Fighting Florida pre-emption bills is for the dogs, and cats


Every year, bad ideas end up as bills in the Florida Legislature, many of which attempt to seize power away from local governments and communities. One of those bad preemption bills considered this past session would have crippled local governments’ ability to stop the puppy-mill-to-pet-store pipeline in local jurisdictions.

A puppy mill is an establishment that breeds puppies and kittens for sale on an intensive basis and in often inhumane conditions.

In this industry, dog and cat mothers and fathers are treated like money-making machines, bred over and over with little regard for their health or well-being, not to speak of a total lack of love and comfort. These poor animals are beaten, starved and crammed into cages much smaller than their size, covered in their own filth.

There are implications for public health. Recent epidemiologic and laboratory evidence from the Centers for Disease Control (CDC) showed that contact with puppies, especially those at pet stores, was the likely source of a Campylobacter jejuni outbreak. The bacteria is a multi-drug resistant infection that can be passed from sick animals to humans. The CDC said this recent outbreak affected many people who had contact with puppies or were employees at pet stores like Petland, where puppy mill dogs were sold. It is extremely dangerous to humans.

Breeding at puppy mills is an abhorrent practice that most people are firmly against, and local governments across the country have been opposing. More than 400 cities, towns and counties in 31 states have joined the movement to stop the practice, including here in Florida. Unfortunately, that progress was under attack from one terribly crafted law from this year’s session: SB 620.

Although eliminating puppy mill bans was not mentioned in the bill text, it would have stopped cities and counties from enacting additional regulations on businesses, including those that profit from animal abuse. For instance, it would prevent any additional local ordinances that stop the sale of puppy mill puppies in pet stores, leaving many communities vulnerable to an influx of bad actors that harm both pets and consumers.

Under SB 620, pet stores like Petland could sue a city that tried to ban puppy mill dog sales, and force that city to pay up to seven years’ worth of lost profits.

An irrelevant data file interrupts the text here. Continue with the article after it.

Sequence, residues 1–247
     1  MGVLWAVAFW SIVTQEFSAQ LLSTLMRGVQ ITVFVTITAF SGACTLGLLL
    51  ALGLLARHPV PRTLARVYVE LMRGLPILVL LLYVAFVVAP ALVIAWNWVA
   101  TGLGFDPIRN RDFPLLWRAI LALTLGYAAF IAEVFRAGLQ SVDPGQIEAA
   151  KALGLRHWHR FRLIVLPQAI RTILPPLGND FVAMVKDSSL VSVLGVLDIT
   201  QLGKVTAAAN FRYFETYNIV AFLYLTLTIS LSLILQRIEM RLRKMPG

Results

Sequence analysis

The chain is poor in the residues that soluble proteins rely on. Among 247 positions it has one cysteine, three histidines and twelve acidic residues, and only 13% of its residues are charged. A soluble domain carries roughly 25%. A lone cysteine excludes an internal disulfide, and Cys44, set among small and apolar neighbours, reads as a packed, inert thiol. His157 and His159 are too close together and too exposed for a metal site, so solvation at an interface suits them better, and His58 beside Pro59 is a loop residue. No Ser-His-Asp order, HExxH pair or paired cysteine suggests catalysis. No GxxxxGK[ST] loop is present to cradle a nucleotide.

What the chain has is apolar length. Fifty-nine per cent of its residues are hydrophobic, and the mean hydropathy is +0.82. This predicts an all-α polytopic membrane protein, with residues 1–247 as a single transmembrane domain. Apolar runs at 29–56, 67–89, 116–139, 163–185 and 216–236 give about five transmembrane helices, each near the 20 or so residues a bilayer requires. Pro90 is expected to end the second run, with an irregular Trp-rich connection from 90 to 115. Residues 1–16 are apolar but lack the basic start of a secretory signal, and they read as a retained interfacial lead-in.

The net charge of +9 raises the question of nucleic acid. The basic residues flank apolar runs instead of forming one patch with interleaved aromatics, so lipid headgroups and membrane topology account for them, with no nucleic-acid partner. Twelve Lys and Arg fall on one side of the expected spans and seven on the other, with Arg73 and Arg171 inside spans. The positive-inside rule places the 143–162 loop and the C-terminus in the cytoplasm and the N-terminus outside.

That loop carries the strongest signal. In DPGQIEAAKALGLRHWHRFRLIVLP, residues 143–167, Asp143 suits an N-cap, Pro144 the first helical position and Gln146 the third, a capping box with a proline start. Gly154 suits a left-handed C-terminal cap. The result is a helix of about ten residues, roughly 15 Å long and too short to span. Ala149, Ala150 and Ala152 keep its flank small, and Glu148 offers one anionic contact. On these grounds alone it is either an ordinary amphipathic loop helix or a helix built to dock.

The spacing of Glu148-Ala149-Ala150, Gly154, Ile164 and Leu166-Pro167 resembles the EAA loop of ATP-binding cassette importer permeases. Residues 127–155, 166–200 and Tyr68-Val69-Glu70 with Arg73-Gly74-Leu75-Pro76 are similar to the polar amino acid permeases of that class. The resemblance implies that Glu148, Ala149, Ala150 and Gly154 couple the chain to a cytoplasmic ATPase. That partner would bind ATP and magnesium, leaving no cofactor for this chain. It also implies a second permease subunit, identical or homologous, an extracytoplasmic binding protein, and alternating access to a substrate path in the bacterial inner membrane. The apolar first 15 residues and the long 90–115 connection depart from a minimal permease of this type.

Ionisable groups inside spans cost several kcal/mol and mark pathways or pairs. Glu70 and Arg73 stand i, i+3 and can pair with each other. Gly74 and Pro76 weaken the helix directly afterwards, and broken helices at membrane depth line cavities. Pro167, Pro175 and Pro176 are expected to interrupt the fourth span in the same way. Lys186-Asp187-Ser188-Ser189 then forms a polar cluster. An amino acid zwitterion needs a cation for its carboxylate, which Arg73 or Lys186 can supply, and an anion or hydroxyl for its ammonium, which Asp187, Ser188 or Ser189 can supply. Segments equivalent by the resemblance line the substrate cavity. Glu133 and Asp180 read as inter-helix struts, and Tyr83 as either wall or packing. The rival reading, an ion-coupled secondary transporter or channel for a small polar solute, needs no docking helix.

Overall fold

In fact, any company that felt that an ordinance would affect its profits would have been able to file a corporate lawsuit against the local government. The local ordinance would then be put on ice while the lawsuit is heard and the government would have to pay all court costs and legal fees. This is wrong for myriad reasons. Localities simply cannot properly manage pet overpopulation while being stripped of their ability to stop the influx of puppy mill puppies into their communities to be sold in pet stores.

Unfortunately, it’s not just puppy mills that would come roaring back. Local governments all over Florida would be forced to stop legislating entirely on issues such as vacation party rentals, polystyrene containers and plastic straws or hours of liquor sales. It’s a slippery slope, and we were dangerously close to sliding off it. This past session, the bill actually passed both chambers.

As the Democratic Leader of the Florida House, I agree with most local leaders who believe in home rule, local government, and the principle that the government closest to the people governs best. In this instance, I also agree with Gov. Ron DeSantis, who asked that SB 620 be amended before it hit his desk to ensure local governments wouldn’t face retaliation for laws meant to protect animal welfare. We should allow local leaders to lead on this issue and allow the level of government winning the fight against animal abuse to continue.

All creatures, man and animal alike, deserve to be treated fairly and humanely. The values ​​of pet-loving Floridians cannot be represented by policies that protect animal abuse and harm pets and consumers. Gov. DeSantis recently vetoed SB 620, but I can assure you there will be another attempt next year. We need to end abuse and torture of puppies and kittens for profit and kill these preemption bills during the session.

Rep. Evan Jenne of Dania Beach is Democratic leader of the Florida House of Representatives.

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